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Facebook-Only MAU & DAU Statistics – U.S. & Canada (Since 2017)

NB. Figures here are for Facebook and Messenger only, and exclude Instagram & WhatsApp. Source: FB company filings.

FB’s Ad Revenue Per MAU rose in all regions, with APAC and Rest of World bouncing back from the dip in Q2. The long-term growth in ad revenue per user has continued to be a strong trend, albeit one with some seasonality and occasional currency headwinds (especially in Emerging Markets):

FB Ad Revenue Per MAU ($) (Since 2017)

Source: FB company filings.

2020 & 2021 Outlook

FB provided some forward guidance. Management now expects Q4 U.S. & Canada MAU and DAU to be “flat or slightly down” from Q3, with the benefit from COVID-19 further dissipating. However, ad revenues are expected to benefit from a strong holiday spend, with Q4 ad revenue growth year-on-year expected to be higher than the reported rate in Q3 (22%); other revenues are expected to benefit from strong Oculus Quest 2 orders to date.

2020 expenses are now expected to be $53-54bn, narrowing the from $52-55bn range previously given. On a preliminary basis, 2021 expenses are expected to be $68-73bn, implying a year-on-year growth of more than 30%.

If we assume a Q4 2020 total revenue growth rate of 22.0% year-on-year, then year-to-date results and the full-year expense outlook imply a 2020 adjusted EBIT that will be slightly (2%) up year-on-year:

FB Illustrative P&L (2020)

Source: FB company filings, Librarian Capital estimates.

The 2020 CapEx outlook was left unchanged at $16bn (vs. 2019’s $15.7bn). CapEx is expected to be higher in 2021, at $21-23bn, due to investments in data centres and other infrastructure.

Management also cited a number of possible headwinds in 2021, including a reversal of e-commerce’s benefit from COVID-19, changes in device platforms (particularly the iOS 14) that may impact ad targeting, and new European Union regulations (which may affect trans-Atlantic data transfers).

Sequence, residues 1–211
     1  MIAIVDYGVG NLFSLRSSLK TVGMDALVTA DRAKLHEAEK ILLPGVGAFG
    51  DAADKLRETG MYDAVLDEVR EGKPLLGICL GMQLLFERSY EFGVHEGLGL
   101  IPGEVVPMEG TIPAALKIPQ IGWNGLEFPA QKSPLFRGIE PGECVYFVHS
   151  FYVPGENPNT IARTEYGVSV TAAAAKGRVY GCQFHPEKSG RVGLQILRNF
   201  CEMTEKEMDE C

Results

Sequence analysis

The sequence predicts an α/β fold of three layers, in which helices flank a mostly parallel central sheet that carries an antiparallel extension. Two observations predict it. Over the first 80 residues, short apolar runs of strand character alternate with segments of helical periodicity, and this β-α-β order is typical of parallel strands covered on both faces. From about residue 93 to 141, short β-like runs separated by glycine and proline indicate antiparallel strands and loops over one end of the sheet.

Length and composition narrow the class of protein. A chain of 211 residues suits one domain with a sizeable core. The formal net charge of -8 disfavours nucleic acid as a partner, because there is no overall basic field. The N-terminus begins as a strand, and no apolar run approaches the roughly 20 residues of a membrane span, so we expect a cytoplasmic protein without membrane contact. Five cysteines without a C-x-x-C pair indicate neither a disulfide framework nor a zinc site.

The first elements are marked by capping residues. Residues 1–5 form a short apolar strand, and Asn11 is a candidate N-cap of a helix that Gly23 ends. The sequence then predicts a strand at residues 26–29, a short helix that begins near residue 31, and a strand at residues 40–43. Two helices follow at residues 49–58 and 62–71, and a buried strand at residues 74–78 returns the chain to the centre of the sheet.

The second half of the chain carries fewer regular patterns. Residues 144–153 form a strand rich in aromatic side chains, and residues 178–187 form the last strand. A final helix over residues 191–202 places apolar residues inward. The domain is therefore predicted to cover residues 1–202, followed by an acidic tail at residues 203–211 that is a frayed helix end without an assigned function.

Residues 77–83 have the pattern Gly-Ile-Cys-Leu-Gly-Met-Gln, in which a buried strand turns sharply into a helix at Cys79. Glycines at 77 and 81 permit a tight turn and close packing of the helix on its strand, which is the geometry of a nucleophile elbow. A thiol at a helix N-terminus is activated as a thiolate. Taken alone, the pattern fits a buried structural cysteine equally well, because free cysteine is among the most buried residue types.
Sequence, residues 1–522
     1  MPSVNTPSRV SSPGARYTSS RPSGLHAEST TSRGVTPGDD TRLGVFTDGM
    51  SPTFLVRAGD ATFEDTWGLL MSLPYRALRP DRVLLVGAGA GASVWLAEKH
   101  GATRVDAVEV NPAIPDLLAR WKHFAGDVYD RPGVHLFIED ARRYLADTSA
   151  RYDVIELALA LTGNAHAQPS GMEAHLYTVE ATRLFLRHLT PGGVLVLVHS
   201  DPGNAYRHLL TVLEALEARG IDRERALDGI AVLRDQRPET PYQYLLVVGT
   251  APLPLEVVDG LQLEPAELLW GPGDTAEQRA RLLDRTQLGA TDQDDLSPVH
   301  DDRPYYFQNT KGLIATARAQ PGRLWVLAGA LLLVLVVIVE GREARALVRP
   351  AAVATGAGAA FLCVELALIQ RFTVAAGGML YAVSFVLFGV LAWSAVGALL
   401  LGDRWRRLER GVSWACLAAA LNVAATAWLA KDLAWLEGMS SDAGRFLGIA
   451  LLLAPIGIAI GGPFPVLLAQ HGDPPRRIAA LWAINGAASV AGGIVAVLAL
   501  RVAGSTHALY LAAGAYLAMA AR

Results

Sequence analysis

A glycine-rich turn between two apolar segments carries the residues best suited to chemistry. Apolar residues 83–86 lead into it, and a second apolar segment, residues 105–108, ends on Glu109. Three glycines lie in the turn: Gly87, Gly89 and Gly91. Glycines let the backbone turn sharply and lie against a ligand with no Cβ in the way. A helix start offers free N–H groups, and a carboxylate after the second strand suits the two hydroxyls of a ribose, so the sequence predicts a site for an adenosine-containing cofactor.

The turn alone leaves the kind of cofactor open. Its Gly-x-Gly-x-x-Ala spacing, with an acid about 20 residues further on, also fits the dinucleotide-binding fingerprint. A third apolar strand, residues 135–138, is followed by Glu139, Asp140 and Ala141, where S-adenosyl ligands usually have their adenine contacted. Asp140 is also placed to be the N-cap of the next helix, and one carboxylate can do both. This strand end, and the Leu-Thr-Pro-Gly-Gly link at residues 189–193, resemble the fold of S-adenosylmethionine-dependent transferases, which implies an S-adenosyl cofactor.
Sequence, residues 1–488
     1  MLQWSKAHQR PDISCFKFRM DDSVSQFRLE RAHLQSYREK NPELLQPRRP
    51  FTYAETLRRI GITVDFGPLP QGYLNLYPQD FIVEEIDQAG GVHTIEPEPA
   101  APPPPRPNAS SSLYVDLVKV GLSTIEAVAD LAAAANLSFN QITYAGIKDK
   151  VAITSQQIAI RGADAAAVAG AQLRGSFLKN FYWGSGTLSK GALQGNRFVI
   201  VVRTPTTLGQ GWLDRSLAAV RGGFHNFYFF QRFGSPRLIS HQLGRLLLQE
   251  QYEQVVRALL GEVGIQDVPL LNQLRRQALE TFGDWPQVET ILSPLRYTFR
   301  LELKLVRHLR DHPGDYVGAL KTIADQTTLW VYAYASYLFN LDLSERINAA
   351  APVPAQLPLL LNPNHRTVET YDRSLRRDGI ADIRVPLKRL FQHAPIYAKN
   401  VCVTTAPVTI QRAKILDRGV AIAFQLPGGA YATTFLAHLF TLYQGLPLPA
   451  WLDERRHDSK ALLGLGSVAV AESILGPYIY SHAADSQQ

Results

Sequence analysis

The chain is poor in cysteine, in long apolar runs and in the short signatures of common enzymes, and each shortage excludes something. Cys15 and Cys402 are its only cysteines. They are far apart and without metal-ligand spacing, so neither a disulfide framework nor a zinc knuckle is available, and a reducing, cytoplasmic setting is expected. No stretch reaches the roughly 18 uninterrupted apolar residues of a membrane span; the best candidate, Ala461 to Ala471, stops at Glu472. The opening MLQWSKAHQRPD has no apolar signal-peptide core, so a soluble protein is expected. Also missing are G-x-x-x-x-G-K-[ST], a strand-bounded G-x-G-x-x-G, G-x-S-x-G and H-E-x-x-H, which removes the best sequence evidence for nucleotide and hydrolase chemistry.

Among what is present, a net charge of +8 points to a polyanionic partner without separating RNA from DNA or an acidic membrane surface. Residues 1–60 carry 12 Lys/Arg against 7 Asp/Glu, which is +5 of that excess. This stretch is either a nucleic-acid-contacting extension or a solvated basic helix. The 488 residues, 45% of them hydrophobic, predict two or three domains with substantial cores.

Shares ended post-market trading on 29 October at $273.40. Relative to 2019 financials, FB had a P/E of 32.0x and a Free Cash Flow (“FCF”) Yield of 1.8% (cash on the balance sheet is worth 7.0% of the market capitalisation):

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FB Net Income & Cashflows (2014-19A)

Source: FB company filings.

We continue to believe FB deserves a P/E multiple of at least 30x, as a high-quality large cap stock with above-average growth, in a “lower for longer” interest rate environment.

Illustrative Returns Calculations

We update our illustrative return forecasts with the following assumptions:

  • 2020 EPS now to be flat year-on-year (was down 17.0%), in line with the slightly-up EBIT as implied by year-to-date results and the new outlook
  • 2021 EPS to be 10% above the 2019 level (was 5% above)
  • Then EPS to grow by 20% in 2022 and 15% in 2023 (no change)
  • P/E at 30x at 2023 year-end exit, below the current 32x
  • No dividends

At the current price of $273.40, the exit price of $389.29 implies a total return of 42% (11.8% annualised) in just over 3 years, which we regard as highly attractive for a franchise of FB’s quality and its potential for further growth:

Illustrative FB Return Forecasts

Source: Librarian Capital estimates.


Facebook’s ad revenue growth in Q3 exceeded previous guidance, accelerating to 22% year-on-year, more than twice the Q2 figure.

Even with expenses up 28%, Q3 EBIT was up 11.9%, making up for the decline in Q2; year-to-date EBIT is now flat-ish (-1.2%) from 2019.

Operational metrics remained strong, with growing user numbers and revenue per user, albeit with some of Q2’s COVID benefit dissipating.

Ad growth in Q4 is expected to be faster than that in Q3; full-year EBIT s implied to be slightly higher than 2019, despite COVID and OpEx growth.

At $273.40, shares can deliver a total return of 42% (11.8% annualised) in just over 3 years, by 2023 year-end. We reiterate our Buy rating.

Note: A track record of my past recommendations can be found here.

Disclosure: I am/we are long FB. I wrote this article myself, and it expresses my own opinions. I am not receiving compensation for it (other than from Seeking Alpha). I have no business relationship with any company whose stock is mentioned in this article.